There is no doubt in my mind that Jodie probably found some other jazz group to play at the company luncheon. There are always musicians who are willing to make lowball bids and to play private parties for a sugar cookie and fifty bucks. But as my ex used to say to my father-in-law when he bought the crappy, bargain brand ice cream: “Sometimes, you get what you pay for.”

Comments

4 responses to “Paying the Band”

  1. Jason Parker says:

    Kudos for walking away, Katy. As you say, there are those who do not understand what it is they are asking for and what it costs. To those people, I say “good luck” and move on with my life. Sure, I’ll try my best to negotiate a deal that will make everyone happy, but in the end it HAS to be a win-win, otherwise it’s just not worth it.

    And you know what…almost without fail, when I turn down a low paying gig a better one comes along. Sometimes you have to make space for things to happen, and taking gigs that are outside your comfort zone takes up that space.

  2. Cheryl says:

    Good for you! One problem I see where I live (not in Seattle) is that too many musicians ARE willing to take lowball pay for gigs, which makes it difficult for any musicians in the area to get what they are really worth. I’m not a musician but lived with one for well over ten years and have many friends in the business. With the time involved and the expense of maintaining and hauling equipment, I see too many of my friends barely breaking even on gigs. Many of them are doing it for the love of the music and performing but that means they have to have day jobs, which also cuts back on their availability for gigs. Seems like a vicious cycle.

  3. admin says:

    Thanks for the comments.

    I guess I should probably make a distinction between club gigs and private gigs. On the money side of things, each present challenges. This blog post was definitely written with private functions in mind. Presumably, if someone is planning a reception or a party or whatever, they are making all kinds of decisions about what they want to spend and on what. (caterers, booze, venue, etc.) In my opinion, if someone wants a live band for their soiree, they should be willing to pony up the bucks. They should value the services of the band as much as they do the type of booze they’re serving.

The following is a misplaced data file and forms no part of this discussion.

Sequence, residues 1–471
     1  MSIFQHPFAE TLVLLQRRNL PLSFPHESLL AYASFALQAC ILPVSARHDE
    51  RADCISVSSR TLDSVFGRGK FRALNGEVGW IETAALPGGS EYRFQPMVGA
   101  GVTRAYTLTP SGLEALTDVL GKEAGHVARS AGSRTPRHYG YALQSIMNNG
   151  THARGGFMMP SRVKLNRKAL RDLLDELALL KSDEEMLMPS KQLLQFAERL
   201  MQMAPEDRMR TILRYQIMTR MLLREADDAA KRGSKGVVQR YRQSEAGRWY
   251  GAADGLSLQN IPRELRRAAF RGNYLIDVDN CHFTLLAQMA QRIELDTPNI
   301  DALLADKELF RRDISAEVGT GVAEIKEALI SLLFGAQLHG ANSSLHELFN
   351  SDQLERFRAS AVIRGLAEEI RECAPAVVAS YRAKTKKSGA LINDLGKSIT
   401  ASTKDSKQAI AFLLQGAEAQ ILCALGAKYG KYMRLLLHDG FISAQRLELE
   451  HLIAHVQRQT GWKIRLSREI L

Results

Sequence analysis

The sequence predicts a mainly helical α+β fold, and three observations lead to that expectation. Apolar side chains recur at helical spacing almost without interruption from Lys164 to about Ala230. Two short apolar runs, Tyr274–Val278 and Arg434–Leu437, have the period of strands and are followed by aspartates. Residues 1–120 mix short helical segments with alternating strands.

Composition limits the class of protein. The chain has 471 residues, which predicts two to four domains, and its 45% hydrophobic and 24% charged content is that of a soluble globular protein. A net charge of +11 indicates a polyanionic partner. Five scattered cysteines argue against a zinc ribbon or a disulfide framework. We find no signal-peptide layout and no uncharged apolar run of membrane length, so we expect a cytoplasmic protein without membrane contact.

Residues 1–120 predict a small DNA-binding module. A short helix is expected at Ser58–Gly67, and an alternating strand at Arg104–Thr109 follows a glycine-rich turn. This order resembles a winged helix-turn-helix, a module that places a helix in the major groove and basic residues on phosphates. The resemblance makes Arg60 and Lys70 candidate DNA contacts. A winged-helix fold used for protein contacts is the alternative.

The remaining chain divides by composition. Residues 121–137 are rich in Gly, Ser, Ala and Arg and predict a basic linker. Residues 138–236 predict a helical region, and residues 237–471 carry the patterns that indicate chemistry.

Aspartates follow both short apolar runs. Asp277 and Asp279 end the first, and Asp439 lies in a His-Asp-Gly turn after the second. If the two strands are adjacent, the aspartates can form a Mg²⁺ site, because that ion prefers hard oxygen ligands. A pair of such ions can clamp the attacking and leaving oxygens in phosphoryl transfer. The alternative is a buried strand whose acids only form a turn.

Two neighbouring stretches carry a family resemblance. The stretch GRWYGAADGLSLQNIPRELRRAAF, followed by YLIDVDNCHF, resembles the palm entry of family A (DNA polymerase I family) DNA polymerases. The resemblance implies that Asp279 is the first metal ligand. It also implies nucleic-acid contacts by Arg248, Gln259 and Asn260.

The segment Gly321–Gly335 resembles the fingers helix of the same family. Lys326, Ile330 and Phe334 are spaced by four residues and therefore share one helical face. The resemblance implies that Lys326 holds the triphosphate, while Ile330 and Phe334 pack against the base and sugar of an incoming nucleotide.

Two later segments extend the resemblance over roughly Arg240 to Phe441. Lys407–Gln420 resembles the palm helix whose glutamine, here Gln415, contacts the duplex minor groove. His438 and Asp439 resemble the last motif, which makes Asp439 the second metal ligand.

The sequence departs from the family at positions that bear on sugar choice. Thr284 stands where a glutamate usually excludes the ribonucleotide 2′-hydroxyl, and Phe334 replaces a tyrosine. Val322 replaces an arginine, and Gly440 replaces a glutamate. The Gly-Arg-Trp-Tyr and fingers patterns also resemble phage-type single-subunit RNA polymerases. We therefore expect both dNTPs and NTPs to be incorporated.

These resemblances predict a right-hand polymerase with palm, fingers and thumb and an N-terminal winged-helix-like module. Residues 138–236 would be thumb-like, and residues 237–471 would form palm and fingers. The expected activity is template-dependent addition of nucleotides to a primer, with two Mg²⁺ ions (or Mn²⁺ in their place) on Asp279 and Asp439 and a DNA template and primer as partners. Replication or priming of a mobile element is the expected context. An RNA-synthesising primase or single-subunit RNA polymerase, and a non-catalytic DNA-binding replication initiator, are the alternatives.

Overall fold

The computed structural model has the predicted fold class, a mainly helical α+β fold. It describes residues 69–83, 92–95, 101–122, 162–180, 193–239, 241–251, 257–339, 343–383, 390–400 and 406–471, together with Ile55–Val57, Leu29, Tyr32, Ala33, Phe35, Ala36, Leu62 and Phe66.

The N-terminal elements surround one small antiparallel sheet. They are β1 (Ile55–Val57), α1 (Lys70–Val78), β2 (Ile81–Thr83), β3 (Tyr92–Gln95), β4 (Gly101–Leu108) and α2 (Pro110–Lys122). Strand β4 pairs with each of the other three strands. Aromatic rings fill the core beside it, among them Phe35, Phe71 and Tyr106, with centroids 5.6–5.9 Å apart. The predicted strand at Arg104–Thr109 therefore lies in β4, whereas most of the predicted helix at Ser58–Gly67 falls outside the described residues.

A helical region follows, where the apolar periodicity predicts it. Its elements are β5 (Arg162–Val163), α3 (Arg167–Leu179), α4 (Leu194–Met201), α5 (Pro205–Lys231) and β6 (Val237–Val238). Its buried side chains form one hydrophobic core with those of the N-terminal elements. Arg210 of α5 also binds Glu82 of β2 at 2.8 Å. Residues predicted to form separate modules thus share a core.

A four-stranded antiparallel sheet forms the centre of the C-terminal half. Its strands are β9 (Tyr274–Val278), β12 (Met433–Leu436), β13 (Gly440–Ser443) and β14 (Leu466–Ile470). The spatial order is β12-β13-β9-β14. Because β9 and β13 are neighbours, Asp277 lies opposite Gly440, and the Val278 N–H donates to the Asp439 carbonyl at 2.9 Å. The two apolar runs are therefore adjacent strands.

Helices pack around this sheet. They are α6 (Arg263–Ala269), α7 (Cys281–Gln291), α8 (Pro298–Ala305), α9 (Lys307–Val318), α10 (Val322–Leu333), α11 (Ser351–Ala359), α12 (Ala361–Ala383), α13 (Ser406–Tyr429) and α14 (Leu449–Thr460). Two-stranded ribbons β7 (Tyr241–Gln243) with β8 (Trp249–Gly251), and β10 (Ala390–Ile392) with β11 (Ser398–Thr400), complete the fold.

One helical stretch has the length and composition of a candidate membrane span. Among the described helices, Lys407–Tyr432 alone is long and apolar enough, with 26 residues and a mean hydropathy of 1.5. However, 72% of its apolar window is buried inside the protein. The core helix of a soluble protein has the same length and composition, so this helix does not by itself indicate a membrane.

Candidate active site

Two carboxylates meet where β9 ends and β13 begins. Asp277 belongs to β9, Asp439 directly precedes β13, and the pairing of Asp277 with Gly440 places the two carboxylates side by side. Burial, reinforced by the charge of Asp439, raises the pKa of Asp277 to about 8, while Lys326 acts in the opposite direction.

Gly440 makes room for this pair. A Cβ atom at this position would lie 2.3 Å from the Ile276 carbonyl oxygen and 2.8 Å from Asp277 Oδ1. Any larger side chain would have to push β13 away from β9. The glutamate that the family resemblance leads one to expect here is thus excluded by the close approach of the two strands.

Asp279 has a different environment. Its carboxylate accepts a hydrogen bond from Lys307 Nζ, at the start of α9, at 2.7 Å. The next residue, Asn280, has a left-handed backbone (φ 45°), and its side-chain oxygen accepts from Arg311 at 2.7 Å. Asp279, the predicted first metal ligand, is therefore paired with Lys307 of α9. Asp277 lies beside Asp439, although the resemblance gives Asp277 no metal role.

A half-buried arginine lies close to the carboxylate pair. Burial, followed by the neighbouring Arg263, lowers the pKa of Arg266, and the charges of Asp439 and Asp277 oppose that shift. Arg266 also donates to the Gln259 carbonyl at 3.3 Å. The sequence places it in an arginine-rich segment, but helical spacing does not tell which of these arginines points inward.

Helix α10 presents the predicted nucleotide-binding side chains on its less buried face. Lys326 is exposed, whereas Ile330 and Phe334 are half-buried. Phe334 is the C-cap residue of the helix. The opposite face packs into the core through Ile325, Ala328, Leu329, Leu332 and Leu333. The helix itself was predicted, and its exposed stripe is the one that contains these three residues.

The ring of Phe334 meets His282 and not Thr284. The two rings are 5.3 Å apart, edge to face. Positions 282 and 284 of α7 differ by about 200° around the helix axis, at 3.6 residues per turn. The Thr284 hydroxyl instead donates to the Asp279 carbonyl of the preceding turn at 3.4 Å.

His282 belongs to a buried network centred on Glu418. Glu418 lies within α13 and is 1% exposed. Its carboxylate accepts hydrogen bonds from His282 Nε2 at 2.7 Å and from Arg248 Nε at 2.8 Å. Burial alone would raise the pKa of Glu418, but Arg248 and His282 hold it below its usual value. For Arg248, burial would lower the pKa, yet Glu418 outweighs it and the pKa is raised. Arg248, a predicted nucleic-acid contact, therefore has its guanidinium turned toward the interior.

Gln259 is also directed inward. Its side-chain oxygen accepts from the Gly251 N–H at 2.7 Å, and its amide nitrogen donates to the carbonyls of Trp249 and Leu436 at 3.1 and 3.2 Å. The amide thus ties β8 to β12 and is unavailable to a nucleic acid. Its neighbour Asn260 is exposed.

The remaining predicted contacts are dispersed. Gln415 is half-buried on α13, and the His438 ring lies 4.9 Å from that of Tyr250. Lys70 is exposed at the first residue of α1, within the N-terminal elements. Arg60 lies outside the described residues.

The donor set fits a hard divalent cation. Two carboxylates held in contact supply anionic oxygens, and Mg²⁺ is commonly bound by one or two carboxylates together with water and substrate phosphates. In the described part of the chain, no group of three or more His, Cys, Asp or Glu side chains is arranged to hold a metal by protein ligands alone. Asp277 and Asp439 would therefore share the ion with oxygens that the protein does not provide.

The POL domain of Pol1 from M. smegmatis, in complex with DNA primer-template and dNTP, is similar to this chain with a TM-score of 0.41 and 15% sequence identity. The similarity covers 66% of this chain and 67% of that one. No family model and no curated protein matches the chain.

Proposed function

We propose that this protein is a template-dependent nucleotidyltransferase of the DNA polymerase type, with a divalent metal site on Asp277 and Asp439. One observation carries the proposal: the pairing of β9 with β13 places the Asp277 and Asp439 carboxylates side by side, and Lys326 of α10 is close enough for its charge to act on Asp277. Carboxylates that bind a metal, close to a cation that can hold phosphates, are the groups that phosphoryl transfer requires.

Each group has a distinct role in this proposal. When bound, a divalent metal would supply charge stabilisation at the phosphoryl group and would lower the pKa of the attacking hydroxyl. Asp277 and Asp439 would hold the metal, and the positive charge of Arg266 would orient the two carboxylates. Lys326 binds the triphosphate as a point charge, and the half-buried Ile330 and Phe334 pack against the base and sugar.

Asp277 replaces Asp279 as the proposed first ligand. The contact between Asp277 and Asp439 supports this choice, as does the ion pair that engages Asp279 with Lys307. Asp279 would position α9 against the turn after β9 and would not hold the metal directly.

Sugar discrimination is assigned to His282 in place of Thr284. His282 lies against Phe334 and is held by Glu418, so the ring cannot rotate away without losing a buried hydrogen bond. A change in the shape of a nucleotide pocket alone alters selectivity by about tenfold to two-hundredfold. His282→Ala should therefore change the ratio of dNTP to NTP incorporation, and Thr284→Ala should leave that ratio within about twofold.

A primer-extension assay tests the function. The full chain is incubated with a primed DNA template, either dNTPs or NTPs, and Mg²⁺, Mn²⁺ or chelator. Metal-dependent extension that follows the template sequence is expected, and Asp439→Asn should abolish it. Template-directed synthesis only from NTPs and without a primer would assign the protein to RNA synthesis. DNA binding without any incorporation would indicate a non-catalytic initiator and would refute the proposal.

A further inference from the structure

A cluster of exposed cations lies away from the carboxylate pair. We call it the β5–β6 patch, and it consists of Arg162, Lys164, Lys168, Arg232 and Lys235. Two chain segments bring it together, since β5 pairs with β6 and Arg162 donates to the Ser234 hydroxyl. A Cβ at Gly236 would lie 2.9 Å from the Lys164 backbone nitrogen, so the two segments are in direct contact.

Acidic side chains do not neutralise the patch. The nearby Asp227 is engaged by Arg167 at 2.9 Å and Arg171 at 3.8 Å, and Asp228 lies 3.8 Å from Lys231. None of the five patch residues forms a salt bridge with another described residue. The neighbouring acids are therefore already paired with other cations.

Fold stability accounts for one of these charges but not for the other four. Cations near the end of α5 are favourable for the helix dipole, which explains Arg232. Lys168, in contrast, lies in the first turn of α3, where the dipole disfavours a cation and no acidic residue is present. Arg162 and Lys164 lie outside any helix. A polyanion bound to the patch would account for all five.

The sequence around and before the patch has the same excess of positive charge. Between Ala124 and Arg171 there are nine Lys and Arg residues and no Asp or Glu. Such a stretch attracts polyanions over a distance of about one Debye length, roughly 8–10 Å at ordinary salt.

Clubs are a slightly different can of worms and present a whole other myriad of issues. Club owners have way different priorities than someone planning a wedding reception for his daughter does. Club owners want to fill seats and sell food and booze. If they offer the band a guarantee, it’s usually pretty minimal. (According to friends that have been playing in Seattle for a long time, club pay basically hasn’t changed in decades. What they made in the 70’s is pretty much what they’re making now.) More often than not, the band is paid with whatever they can bring in at the door, and it is incumbent on the band to bring in as many folks as possible. The club owner, in that scenario, fills seats and it doesn’t cost him or her a dime.

    In both cases, clubs and private events, there are always musicians willing to come in, take the gig for less and basically undercut their peers. You’re absolutely right on that, Cheryl. In fact, I am seeing this played out right now with a club that I had a steady gig at for about 6 months. Out of the blue, I got a call from the club owner; he had a long sob story about problems with his business partner, money, etc. I already had several gigs scheduled at the club, and he basically asked me to do them for half as much as he’d been paying us up to that point. I said “no” and that I couldn’t do that to my musicians. Sadly, I lost the gig. I see that the club has a busy music schedule and see plenty musicians that I know posting on Facebook about upcoming gigs there. I know that club is paying next to nothing now and feel frustrated that some of my peers are so readily willing to jump in for shitty pay, drive the market down and basically give the club owner a green light to continue to reap the benefits of having live music without really paying the band.

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Katy Bourne is a Jazz Singer and Writer.